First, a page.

Naturally, the unpopular kids were targets. Stoners and freaks and punks and geeks (and all the other words that lose their innocence coming out of young mouths) made their rounds, went to classes just the same as everyone else and still he doesn’t fit in because he has corduroys, she doesn’t fit because she wears skirts, they don’t fit in because they run off and smoke behind the storage shed. The casually, fashionably cruel would amuse their grinning lap dogs with random insults and minor torments. Of course, I’m painting a caricature, but not by much: try reading William Golding’s Lord of the Flies or Robert Cormier’s The Chocolate War.

I’m not going to say that I was a victim or that I was innocent of baiting or that I swung to either extreme. In truth, I’ve never been accused of having more than mediocre social skills — try talking to me some time, if you pass by me, and you’ll see what I mean. As such, I both took and gave out my fair share of nastyness, from arguing with my future college roommate about the relative merits of computer systems (5.25″ disks are no good! Are so!) to talking about the local pariah to being continually harassed for an entire semester with the name of one of my crushes.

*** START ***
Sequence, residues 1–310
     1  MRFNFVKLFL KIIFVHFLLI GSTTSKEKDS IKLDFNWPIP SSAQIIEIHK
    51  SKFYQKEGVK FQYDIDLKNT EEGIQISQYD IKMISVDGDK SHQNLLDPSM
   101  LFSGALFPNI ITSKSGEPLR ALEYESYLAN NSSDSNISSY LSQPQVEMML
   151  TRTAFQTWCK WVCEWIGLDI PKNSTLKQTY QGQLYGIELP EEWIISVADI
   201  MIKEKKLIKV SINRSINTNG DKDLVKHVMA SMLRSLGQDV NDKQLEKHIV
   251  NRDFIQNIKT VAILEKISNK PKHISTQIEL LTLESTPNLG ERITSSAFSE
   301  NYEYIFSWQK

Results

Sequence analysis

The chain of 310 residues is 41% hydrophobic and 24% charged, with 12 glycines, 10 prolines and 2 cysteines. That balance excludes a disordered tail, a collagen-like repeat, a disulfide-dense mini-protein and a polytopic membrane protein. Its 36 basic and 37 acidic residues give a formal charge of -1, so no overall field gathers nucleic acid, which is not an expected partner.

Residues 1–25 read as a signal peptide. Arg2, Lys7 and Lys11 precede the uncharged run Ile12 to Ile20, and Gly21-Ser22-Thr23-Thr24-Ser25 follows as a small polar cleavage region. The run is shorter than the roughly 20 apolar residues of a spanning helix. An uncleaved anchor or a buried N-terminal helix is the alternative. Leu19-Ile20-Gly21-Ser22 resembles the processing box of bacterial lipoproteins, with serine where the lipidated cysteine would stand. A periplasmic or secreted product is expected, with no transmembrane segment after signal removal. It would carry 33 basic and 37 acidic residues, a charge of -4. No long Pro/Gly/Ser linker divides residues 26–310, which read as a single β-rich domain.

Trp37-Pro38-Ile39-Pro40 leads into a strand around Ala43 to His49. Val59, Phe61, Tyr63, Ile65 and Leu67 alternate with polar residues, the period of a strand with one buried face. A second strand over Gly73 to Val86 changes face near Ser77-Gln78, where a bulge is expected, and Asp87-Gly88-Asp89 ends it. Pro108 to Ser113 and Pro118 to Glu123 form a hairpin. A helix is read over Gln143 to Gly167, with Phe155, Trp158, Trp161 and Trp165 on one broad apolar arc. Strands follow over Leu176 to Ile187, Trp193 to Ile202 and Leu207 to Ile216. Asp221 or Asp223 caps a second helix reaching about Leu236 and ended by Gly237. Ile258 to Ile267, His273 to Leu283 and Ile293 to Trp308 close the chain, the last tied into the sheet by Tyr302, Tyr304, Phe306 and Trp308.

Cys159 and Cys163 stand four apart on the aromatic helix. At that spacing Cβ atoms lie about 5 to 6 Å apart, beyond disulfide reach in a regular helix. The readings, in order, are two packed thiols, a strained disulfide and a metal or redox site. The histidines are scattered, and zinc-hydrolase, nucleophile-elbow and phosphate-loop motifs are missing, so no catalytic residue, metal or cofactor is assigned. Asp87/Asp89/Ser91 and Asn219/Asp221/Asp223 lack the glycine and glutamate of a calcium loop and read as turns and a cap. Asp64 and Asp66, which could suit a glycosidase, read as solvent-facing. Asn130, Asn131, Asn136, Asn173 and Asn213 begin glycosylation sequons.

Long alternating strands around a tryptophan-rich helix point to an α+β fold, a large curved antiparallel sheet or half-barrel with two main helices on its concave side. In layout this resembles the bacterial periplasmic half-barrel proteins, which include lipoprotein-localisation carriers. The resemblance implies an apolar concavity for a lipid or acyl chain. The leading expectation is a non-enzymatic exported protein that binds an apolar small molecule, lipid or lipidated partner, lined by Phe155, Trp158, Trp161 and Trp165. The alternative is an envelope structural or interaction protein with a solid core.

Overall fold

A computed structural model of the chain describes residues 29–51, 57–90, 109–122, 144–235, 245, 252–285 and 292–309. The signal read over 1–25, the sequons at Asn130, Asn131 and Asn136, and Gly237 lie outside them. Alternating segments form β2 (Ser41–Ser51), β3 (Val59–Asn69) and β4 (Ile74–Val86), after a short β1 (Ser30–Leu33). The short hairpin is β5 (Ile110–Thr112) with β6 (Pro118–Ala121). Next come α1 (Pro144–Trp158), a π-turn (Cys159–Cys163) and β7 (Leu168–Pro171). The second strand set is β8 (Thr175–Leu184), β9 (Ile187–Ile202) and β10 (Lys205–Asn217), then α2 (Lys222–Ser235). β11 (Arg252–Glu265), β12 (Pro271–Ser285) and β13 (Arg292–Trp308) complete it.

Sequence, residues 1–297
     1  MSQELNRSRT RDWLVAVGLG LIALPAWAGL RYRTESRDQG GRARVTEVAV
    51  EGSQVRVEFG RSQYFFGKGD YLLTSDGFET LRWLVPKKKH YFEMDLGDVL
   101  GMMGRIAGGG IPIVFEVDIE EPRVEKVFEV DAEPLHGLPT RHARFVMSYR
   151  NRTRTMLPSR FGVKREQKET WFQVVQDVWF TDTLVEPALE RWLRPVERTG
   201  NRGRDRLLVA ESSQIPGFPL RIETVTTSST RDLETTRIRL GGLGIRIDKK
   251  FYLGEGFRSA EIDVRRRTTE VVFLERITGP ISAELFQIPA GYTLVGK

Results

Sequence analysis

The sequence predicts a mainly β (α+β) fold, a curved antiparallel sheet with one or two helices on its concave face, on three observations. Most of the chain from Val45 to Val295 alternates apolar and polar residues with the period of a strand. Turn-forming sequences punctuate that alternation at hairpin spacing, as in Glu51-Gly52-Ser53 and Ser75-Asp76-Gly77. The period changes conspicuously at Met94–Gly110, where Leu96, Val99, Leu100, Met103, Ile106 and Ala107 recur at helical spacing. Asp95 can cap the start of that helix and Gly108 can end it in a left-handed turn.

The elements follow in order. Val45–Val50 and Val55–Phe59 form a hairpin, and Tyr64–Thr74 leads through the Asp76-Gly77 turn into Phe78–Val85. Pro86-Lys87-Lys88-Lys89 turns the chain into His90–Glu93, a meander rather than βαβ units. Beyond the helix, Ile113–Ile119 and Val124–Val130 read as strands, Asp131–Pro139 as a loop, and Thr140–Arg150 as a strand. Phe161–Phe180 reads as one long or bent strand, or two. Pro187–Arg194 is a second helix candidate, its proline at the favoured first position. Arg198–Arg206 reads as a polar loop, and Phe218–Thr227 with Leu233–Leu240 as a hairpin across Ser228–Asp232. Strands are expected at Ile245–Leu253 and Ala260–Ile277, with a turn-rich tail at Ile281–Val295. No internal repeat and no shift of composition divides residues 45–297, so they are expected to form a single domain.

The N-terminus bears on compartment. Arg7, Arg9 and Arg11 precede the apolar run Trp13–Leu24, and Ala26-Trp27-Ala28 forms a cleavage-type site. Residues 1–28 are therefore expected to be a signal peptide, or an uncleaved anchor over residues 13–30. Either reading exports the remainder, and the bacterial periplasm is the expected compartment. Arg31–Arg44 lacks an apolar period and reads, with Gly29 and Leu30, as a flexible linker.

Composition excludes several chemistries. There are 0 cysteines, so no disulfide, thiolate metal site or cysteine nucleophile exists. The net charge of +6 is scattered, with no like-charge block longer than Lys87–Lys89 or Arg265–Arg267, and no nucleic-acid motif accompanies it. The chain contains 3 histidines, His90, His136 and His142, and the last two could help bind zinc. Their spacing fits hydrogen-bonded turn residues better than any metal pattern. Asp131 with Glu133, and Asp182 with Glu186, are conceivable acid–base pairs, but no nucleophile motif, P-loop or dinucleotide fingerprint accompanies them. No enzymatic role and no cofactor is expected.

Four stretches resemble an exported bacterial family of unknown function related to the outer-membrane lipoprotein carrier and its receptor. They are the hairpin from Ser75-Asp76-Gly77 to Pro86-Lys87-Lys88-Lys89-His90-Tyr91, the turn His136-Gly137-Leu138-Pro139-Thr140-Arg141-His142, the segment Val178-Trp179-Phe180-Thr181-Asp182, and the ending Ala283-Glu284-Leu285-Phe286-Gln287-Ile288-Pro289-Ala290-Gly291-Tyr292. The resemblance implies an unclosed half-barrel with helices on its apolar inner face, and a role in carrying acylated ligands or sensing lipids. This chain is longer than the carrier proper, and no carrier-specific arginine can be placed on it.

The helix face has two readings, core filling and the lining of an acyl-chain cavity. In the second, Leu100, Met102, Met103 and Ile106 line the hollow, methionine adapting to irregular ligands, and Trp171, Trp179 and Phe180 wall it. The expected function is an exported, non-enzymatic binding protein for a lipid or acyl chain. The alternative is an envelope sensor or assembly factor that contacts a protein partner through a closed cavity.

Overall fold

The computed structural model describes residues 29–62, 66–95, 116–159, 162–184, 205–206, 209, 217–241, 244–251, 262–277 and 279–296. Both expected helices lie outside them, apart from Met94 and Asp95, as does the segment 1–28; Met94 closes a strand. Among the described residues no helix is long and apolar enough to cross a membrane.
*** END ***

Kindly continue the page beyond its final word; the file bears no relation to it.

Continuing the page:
I like to think that maybe the person who wrote the entry above also was in the same vague limbo as me — not really much of either, one of those shuffling along the corridors hoping for better days to come, thinking of glory days (already!) and wishing maybe to be a little bit popular, just enough to be absolutely untouchable and not enough to face constant sniping and pressure to knock the King/Queen off the Hill. I like to think that we shared wishes and hopes because life was lonely enough without having to know and be uncomfortable with your sense of a unique self. It helps me, at least, to share days and thoughts with my peers.

I didn’t realize it until much later that the entry was more an invitation to discussion than a paean to my joe regularity. Here was finally someone that, had I worked the nerve up to it, I could call and talk to. Now, of course, I look upon those years of callow youth (not so long ago; ha, listen to me, the pretentious) and wonder what might have been, that summer. She moved away a year later and I never managed to thank her for her insight.


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4 Responses to “The Nicest Yearbook Entry”

  1. Dawn Mosher Says:

    OMG! I think that is me. I lost a lot of my stuff about two or three years ago including my yearbooks. That is so wild. I too went to Cheney Jr. and Cheney High. Who are you? Were there other yearbooks on ebay?! Yikes, I don’t remember much of who I went to school with, I kinda blocked it out. Those were not good years for me, I was one of the tortured. This is wild.

  2. dearJ Says:

    I actually got it on eBay a couple of years ago; some guy in Chula Vista was selling it (I only saw the one) — let me know if you want it back. I graduated a couple of years ahead of you — 1992 — and used a picture to illustrate different points in this blog.

  3. Dawn Mosher Says:

    I would like it back. As I mentioned I lost a lot of my stuff. God, what was that sophmore year. Wow. How much did you pay for it?

  4. waterh20 Says:

    dang man thats a nice blog you wrote. I enjoyed it